It always feels somewhat pointless being a green blogger after a Bush speech. Other than the repeated references to Iran — which might actually mean something, and not something good — little Bush said in the SOTU has any policy implications, especially when it comes to energy and environmental issues. The promises are inevitably forgotten, underfunded, or now, blocked by a Dem Congress.
But still — let’s have a look at the energy and environment portions of the speech.
Lots of greens were looking forward to Bush forthrightly acknowledging global warming for the first time in a SOTU. Turns out that happened with a fizzle, not a bang. A grudging reference to "global climate change" was tacked onto the end of the energy section, and Bush rushed past it like someone stepping over dog poop on the sidewalk. "Desultory" is a charitable characterization.
The fact that Bush doesn’t take global warming seriously is reflected in his proposals. Nothing he mentioned, even if he meets all his stated goals, will have the slightest effect on climate change.
What about energy? The big splash was "20 in 10," the goal to reduce U.S. gasoline use by 20% in 10 years.
The text of Bush’s actual speech is so sketchy and schematic on the proposal as to be incomprehensible. Sadly, taking a closer look at the White House cheat sheet doesn’t lift one’s spirits. For one thing, the vaunted 20% is a reduction in projected gas use, not current gas use. So it’s slower growth, not really a "reduction" at all. Shocking.
There are lots of buzzwords thrown around — renewable this, efficiency that, wind and solar and etc. — but the meat of the proposal is twofold:
A slight increase in CAFE (fuel efficiency) standards. This is long, long overdue, but the details of Bush’s proposal render it almost counter-productive:
- He would take the power to set concrete standards out of Congress’s hands and give it to a political appointee at the Dept. of Transportation.
- He would dispense with the current fleet-wide standards for cars and institute an "attribute-based" standard, with all its perverse incentives, like he did for light trucks last year.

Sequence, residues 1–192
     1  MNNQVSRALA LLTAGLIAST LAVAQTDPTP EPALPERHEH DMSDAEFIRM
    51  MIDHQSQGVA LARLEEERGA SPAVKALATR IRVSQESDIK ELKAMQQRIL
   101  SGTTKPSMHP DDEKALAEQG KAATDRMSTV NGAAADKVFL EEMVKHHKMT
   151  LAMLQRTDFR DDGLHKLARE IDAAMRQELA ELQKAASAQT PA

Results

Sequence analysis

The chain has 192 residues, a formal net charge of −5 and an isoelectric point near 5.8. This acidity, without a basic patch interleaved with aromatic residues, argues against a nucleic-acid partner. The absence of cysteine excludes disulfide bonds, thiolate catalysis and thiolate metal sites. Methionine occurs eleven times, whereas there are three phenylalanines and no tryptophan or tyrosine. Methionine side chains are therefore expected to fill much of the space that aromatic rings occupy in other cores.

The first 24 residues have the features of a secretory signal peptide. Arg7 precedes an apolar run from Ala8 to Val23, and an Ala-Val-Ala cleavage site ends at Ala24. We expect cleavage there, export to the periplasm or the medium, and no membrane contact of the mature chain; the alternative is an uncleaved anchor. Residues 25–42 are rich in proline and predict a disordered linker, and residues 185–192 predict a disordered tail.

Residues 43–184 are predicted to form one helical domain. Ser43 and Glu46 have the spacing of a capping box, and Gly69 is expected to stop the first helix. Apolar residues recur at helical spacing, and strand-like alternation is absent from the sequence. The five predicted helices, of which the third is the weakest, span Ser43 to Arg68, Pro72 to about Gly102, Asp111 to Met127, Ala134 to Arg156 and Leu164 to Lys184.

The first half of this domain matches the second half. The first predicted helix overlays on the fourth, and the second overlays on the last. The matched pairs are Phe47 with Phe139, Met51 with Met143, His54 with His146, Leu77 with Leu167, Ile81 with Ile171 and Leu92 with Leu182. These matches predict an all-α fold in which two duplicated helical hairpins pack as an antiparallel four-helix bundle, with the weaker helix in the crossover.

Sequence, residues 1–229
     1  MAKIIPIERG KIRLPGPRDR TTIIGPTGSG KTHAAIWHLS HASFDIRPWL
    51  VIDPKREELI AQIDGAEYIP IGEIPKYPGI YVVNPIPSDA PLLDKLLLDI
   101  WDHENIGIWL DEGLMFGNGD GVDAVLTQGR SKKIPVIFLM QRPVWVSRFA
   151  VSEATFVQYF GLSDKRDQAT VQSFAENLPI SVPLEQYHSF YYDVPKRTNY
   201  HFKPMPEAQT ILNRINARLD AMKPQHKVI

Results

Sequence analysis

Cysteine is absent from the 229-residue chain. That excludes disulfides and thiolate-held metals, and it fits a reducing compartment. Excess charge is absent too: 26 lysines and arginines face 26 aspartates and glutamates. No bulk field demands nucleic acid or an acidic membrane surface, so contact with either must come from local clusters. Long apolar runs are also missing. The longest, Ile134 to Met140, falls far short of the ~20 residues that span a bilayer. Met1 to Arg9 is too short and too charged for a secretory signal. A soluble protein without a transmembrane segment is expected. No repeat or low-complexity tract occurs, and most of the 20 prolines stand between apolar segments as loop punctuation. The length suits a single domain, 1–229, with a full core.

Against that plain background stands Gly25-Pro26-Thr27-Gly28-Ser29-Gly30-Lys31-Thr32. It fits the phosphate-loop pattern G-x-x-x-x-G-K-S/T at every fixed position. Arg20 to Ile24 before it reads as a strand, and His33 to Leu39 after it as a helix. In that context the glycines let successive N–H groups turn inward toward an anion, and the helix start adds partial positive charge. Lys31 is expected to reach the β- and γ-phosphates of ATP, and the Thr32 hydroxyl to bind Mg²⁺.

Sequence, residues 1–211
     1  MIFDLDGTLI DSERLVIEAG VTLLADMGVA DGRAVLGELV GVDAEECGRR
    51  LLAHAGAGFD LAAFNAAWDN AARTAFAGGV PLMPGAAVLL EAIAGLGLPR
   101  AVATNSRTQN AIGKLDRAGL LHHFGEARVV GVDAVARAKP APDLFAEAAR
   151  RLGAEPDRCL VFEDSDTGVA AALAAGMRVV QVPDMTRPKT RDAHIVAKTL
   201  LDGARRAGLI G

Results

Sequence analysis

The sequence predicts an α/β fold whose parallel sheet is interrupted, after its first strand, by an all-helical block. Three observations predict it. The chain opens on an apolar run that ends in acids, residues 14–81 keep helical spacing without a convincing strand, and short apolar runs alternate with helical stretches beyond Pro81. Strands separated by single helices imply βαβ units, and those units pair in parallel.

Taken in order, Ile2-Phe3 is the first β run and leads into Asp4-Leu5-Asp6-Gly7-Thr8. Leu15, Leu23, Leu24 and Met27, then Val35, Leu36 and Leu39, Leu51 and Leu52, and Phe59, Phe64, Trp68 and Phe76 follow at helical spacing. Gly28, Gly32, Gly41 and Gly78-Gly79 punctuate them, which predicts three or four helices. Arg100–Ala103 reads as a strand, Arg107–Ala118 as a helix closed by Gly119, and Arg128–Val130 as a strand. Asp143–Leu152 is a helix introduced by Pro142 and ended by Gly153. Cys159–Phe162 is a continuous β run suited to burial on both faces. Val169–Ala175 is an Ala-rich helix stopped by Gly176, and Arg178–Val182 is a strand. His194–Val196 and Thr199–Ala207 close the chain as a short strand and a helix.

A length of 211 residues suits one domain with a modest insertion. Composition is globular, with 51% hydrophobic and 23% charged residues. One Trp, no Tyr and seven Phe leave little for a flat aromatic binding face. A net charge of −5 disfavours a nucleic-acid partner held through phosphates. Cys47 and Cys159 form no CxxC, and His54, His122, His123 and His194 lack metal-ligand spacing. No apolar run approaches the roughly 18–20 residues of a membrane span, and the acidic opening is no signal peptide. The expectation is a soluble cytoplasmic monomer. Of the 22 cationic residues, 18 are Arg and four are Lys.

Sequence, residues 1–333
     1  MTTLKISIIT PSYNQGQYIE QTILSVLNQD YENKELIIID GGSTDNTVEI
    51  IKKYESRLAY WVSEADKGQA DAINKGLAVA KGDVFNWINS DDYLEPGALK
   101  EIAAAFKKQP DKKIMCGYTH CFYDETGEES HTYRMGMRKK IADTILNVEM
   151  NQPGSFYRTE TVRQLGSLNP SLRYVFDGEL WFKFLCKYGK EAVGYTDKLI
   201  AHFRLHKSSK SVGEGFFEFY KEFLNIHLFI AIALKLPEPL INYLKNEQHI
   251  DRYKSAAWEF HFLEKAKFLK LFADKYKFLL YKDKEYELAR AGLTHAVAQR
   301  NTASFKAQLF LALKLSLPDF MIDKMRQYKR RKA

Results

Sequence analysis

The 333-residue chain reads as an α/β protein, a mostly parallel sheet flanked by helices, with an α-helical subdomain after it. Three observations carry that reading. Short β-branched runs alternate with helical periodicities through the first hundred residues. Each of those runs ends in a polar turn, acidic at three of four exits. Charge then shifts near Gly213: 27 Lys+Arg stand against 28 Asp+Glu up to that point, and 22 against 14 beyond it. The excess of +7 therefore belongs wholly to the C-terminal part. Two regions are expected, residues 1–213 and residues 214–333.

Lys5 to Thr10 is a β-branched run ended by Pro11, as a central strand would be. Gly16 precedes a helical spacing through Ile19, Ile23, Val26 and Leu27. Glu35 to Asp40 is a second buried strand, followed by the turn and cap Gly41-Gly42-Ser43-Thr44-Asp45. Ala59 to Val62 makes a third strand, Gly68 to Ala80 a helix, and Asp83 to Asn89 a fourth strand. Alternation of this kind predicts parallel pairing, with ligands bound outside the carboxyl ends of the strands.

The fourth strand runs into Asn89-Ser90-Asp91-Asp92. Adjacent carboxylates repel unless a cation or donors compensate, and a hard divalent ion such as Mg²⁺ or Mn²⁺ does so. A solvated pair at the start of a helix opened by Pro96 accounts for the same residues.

- All increases in standards would come with "escape valves" in case, you know, automakers didn’t like it.
A plan to get 35 billion gallons of "renewable and alternative" fuels online by 2017, shaving 15% off of U.S. (projected) gasoline use. A few things to note about this seemingly pleasing proposal:
- The real meat is a huge increase in subsidies to corn ethanol — i.e., subsidies to Big Corn, mainly Archer Daniels Midland. This will enrich a few mega-corporations, enlarge the dead zone in the Gulf of Mexico, please a few midwestern legislators, take a lot of pressure off automakers, and raise the price of food. What it won’t do is appreciably reduce greenhouse gas emissions or oil imports.
- Yes, yes, he wants to boost research on the more environmentally benign cellulosic ethanol. But follow the money. The research grants are tiny; the subsidies to Big Corn are enormous and growing.
- Note the deliberate repetition of "renewable and alternative." Why the awkward phrase? There’s a reason behind it, as with most Bush admin. language games: "alternative" was added to include coal-to-liquid fuel, which is anything but renewable, and spews huge amounts of CO2 into the atmosphere. Bush is just one of many spokesflacks attempting to use fears of energy dependence and climate change to enrich the coal industry.
Those who held out hope that Bush would rescue his plunging legacy by doing something significant about America’s real "generational challenges" — climate change and energy security — have had their hopes shattered once and for all. The rest of us are just waiting for 2009.
(If you want to know what I would have liked to see on energy/environment in the SOTU, see here.)